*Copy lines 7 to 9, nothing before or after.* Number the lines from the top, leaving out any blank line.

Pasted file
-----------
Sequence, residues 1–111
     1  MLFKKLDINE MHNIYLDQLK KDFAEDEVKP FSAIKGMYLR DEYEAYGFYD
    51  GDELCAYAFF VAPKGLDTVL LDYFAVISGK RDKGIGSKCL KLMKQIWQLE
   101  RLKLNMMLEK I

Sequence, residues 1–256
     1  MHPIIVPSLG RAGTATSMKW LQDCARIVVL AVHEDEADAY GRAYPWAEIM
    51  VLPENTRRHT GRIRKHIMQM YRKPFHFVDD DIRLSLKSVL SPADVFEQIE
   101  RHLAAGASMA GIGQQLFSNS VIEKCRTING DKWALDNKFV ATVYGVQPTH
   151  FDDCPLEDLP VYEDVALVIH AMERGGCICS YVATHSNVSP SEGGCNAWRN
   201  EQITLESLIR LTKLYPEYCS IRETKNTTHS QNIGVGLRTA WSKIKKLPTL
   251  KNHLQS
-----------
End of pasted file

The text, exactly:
    51  VLPENTRRHT GRIRKHIMQM YRKPFHFVDD DIRLSLKSVL SPADVFEQIE
   101  RHLAAGASMA GIGQQLFSNS VIEKCRTING DKWALDNKFV ATVYGVQPTH
   151  FDDCPLEDLP VYEDVALVIH AMERGGCICS YVATHSNVSP SEGGCNAWRN